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Blackouts and wildfires are our life for the next 10 years: California mayor

Nick Rose

California Governor Gavin Newsom has declared a state of emergency as two fast-moving wildfires spread throughout Los Angeles and Sonoma Counties, forcing thousands of people to evacuate their homes across the state. The fires have spread despite preventative measures taken by local utility Pacific Gas and Electric (PCG), which introduced rolling blackouts in order to reduce the likelihood of catastrophe, but local officials said the blazes aren’t going away any time soon.

“I was talking to other area officials and we’re pretty certain that this is going to be our life for about the next 10 years,” said Melanie Bagby, mayor of Cloverdale, California. “That’s about how long it’s going to take to be able to upgrade the electrical grid and our infrastructure. What we really need to be doing is going to micro-grids and localizing our power, but that kind of sweeping infrastructure change does take time and it’s going to have a huge effect on the California economy.”

Firefighters work to defend homes from an approaching wildfire in Sonoma, California, U.S. October 14, 2017. REUTERS/Jim Urquhart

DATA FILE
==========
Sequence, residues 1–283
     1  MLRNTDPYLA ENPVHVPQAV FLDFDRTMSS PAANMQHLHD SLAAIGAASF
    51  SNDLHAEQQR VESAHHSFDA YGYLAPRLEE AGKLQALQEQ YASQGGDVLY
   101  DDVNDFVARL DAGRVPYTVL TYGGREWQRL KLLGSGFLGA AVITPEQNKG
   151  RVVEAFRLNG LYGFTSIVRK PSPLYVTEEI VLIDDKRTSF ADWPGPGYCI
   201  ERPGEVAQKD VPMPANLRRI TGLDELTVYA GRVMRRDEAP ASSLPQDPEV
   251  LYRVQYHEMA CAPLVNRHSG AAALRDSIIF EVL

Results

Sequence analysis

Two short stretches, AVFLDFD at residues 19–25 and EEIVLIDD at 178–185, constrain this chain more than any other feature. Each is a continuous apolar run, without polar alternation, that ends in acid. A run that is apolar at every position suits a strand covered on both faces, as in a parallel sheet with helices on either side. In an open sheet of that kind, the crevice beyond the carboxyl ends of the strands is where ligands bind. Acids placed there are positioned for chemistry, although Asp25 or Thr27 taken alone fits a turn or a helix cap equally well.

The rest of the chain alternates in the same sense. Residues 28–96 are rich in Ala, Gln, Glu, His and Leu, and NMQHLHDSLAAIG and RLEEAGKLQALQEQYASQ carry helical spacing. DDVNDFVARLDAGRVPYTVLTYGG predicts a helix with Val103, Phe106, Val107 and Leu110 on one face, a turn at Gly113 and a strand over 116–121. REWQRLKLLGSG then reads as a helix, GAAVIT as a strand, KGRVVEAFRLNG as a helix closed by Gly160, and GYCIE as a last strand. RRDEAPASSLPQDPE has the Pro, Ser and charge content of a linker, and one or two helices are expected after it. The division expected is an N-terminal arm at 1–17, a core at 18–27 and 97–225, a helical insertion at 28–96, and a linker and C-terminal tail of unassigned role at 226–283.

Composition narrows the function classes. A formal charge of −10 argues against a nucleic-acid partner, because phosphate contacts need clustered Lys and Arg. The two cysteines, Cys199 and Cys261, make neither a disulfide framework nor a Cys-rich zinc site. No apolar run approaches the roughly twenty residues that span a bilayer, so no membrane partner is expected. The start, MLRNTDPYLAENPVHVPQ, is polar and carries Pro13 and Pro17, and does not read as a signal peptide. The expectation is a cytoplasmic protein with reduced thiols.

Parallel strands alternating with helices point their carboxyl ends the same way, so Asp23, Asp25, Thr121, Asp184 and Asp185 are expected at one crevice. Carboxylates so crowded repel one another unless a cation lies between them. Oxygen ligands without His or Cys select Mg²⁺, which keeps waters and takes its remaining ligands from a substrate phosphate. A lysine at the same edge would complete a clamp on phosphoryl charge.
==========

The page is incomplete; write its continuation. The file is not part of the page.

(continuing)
PG&E is ‘not accountable to anybody’

According to a report from PG&E, the Sonoma County fire that’s raging through California’s wine country (also known as the Kincade fire) may have been caused by a broken jumper cable found near the base of one of its transmission towers. Although the company has not yet accepted responsibility for the fire, it’s clear the power outages were not as effective as they had hoped.

“The first rolling blackout was basically two sections. The northern part of town was unaffected, but the lower part of town where a lot of our services and a lot of our tax revenue come from and of course one of our major area breweries was affected. So that was painful from a revenue standpoint,” Bagby said.

When asked if PG&E has been an effective communicator on the ground, Bagby told Yahoo Finance, “We are much happier with their outreach. We are much happier with the information they are sharing, but of course, it comes a little late.”

“As an elected official, it’s also part of my job to educate people... when PG&E does a blackout, they are not accountable to anybody. They can make a unilateral decision and they don’t really answer to anybody and we need to change that. And where we need to change that is at the state level and at the CPUC.”

Nick Rose is a producer for Yahoo Finance.

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